A painter fascinated with best-selling conspiracy thriller The Da Vinci Code committed suicide after becoming convinced she was the subject of a real-life murder plot.
Caroline Eldridge, 38, moved to Italy to pursue her interest in Leonardo Da Vinci, but her mind became “muddled” by the mysteries surrounding his work, her father said.
Caroline Eldridge, a Da Vinci scholar and artist, who killed herself after becoming obsessed with the mysteries surrounding the artist and the best-selling novel The Da Vinci Code
She suffered paranoid delusions that she and her family were in danger “because of the knowledge that she had” of Leonardo after working on an exhibition about his paintings.
After repeatedly telling her family, “I’m not going to let them take me alive,” she took an overdose of paracetamol.
The Da Vinci Code, which has sold more than 60 million copies, centres on a sinister plot by Catholic organisation Opus Dei to kill the book’s hero Robert Langdon before he discovers, via clues in Da Vinci’s paintings, that Christ was married to Mary Magdalene and had a son.
On Friday Caroline’s father, retired headmaster Roger Eldridge, said: “She was particularly interested in Da Vinci’s interpretation of perspective, and because of that interest she had read The Da Vinci Code.
“The nature of the illness that she had would create fear, and the Code itself, I think it did create a muddle in her mind in terms of fears.
“She was very fearful for her own safety and she felt that because of the work she had been doing and because of the knowledge that she had, she had put us in danger.
“She had put herself under tremendous pressure with work and I think that pressure and stress was to blame for the paranoia.”
Ms Elridge, a graduate of the Wimbledon College of Art, worked for years as a costume designer for the English National Opera on productions including The Magic Flute and Medea, and later went freelance.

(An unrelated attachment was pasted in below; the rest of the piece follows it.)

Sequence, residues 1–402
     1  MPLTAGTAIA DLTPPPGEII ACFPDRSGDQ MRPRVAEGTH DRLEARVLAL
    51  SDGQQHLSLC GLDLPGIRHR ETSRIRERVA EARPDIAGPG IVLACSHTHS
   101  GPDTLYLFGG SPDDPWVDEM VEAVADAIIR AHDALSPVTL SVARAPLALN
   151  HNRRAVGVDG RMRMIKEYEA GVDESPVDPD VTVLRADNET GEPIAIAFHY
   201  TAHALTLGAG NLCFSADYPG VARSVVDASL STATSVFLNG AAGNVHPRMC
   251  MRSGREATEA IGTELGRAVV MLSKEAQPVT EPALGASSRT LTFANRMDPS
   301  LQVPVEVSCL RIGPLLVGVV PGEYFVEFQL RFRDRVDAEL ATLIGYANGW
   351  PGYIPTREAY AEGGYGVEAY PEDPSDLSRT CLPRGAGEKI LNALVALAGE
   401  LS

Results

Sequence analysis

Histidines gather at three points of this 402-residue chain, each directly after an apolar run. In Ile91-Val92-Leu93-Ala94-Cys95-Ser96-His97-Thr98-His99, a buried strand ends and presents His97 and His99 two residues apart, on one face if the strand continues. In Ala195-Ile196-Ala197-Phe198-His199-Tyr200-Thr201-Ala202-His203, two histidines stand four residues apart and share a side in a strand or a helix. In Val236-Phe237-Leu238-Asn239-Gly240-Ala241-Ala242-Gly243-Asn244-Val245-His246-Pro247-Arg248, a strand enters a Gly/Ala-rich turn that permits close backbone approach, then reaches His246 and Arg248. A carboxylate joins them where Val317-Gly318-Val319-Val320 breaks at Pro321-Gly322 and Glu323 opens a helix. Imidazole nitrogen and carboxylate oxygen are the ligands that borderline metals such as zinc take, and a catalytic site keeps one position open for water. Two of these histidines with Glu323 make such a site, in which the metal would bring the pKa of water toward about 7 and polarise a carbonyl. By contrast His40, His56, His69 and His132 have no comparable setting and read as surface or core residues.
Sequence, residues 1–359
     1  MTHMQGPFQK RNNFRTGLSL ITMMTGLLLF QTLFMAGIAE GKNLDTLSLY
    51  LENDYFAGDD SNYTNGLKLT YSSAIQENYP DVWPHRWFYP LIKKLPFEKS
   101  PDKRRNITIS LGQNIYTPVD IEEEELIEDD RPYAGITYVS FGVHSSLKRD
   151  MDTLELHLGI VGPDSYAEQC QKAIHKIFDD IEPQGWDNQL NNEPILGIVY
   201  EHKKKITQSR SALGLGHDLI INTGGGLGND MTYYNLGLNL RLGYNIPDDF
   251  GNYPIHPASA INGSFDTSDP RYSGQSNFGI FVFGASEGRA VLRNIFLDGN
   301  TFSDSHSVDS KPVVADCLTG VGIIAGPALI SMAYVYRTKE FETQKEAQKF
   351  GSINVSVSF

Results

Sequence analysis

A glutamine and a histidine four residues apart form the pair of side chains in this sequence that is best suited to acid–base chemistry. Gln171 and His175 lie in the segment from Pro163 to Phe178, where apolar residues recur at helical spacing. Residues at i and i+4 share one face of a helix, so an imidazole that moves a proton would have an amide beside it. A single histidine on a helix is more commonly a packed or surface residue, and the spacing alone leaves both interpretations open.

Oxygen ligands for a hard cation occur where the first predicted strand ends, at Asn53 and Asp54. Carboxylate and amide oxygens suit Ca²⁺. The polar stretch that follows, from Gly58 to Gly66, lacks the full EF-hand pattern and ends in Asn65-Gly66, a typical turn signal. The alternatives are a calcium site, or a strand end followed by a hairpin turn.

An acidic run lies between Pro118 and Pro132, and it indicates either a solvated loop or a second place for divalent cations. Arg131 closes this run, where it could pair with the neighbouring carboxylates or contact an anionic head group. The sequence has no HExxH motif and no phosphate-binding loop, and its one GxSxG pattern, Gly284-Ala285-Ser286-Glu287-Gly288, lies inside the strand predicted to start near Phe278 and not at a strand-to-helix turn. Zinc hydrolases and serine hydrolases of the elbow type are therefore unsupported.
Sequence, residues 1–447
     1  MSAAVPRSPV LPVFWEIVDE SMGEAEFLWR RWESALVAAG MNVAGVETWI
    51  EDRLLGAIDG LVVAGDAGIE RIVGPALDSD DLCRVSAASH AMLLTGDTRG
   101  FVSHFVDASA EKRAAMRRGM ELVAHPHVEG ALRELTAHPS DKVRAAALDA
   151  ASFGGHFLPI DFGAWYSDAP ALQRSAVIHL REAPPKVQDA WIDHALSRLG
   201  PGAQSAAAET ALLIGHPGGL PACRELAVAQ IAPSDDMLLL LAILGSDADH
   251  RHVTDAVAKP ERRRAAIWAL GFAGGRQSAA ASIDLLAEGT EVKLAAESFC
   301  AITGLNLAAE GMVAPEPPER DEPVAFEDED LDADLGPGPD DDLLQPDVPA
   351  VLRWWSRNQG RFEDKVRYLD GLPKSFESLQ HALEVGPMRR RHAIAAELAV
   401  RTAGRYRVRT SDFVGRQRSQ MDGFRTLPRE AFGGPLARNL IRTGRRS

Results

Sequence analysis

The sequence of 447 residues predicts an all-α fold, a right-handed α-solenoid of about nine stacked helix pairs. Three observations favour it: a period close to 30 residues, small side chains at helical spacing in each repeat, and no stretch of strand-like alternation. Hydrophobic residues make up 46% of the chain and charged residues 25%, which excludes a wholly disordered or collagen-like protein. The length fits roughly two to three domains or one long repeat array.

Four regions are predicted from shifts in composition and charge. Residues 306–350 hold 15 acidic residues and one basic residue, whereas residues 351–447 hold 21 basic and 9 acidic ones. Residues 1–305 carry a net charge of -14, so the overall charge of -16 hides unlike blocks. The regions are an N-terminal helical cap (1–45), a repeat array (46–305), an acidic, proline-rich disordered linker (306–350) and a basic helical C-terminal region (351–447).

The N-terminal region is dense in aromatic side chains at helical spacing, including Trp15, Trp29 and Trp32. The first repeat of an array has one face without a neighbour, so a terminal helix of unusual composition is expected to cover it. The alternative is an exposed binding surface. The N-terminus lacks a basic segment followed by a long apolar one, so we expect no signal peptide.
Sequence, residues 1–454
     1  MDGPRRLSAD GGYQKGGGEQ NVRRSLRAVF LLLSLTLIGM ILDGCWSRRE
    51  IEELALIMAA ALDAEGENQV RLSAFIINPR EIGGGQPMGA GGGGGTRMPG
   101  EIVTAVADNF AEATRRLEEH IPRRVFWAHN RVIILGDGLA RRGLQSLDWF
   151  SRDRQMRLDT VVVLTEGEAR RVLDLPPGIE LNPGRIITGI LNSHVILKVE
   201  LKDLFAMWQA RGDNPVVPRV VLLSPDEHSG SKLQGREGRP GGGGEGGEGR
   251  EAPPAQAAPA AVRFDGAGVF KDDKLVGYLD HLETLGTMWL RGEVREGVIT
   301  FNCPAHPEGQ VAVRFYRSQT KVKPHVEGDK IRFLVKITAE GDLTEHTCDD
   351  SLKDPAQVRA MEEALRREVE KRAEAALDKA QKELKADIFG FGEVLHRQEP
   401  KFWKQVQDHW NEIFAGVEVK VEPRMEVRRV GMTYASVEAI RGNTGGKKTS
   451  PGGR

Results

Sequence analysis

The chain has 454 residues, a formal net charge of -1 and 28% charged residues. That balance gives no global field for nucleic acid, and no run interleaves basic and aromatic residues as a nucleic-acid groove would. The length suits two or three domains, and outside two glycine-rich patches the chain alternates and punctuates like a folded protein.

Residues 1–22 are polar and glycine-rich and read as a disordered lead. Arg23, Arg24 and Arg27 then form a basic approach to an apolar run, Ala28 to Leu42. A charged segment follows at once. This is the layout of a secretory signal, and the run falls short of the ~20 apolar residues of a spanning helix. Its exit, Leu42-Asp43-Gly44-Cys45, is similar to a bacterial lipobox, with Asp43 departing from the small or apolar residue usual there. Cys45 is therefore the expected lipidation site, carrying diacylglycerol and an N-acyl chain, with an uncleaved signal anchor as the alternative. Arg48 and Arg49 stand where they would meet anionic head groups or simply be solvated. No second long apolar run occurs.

But her passion in life was painting, and during a trip to Venice to stay with a friend in 2004 she got a job working on a six-month exhibition about Leonardo.
One of the visitors was Professor Rocco Sinisgalli, a Renaissance art specialist from the University of Rome, who struck up a conversation with Caroline and asked her if she could help him translate a book he was writing about the artist Leone Battista Alberti.
She agreed to do it in return for the chance to attend the professor’s lectures on art, and moved to Rome where she found work designing costumes for an opera festival.
While there she continued to study Leonardo, and had a particular interest in his famous Vitruvian Man drawing, which features on the cover of The Da Vinci Code. A dying murder victim in the Dan Brown novel also arranges his body in the shape of the drawing as a complex clue for investigators.
Prof Sinisgalli later dedicated a book on Vitruvian Man “To the painter Caroline Eldridge” and sent her parents a copy with a note saying Caroline “had always shown a deep interest in this particular drawing and in Leonardo himself”.
Ms Elridge, who had no history of mental illness other than a brief battle with anorexia as a teenager, had what her father described as a “paranoid attack” whilst in Rome, and he flew to Italy to bring her home.
“She was working long hours, designing costumes and trying to get the book translation finished, and she rang us in a state of considerable panic and we realised that she wasn’t well,” said Mr Eldridge.
“I was in Rome by 10am the next day.
“She was very distressed and fearful for her own safety. She was so frightened that she wouldn’t get on the plane, but I managed to bring her home in the end.”
Mr Eldridge and his wife Susan referred her to a doctor and she was sectioned under the Mental Health Act and sent to a psychiatric unit at Wotton Lawn hospital in Gloucester.
A month later she was discharged and went to live with her parents in the Cotswold village of Edgeworth, near Cirencester.
But Mr Eldridge said his daughter’s paranoia continued. “She was receiving care in the community but because her fears were so real to her she didn’t accept she was ill so she didn’t really engage with the help that was being offered to her.
“She said she was putting us in danger and said on more than one occasion: ‘I’m not going to let them take me alive.'”
On May 25 last year, whilst staying with friends, Caroline complained of feeling unwell and later admitted she had taken an overdose.
She was taken to Cheltenham General Hospital but died of multiple organ failure on May 31.
At an inquest last week Gloucestershire coroner Alan Crickmore said: “I am driven to the conclusion that it was her intention that she brought about her death, but when she did that she was beginning to suffer from a paranoid episode.”
He recorded a verdict of suicide while the balance of Caroline’s mind was disturbed.
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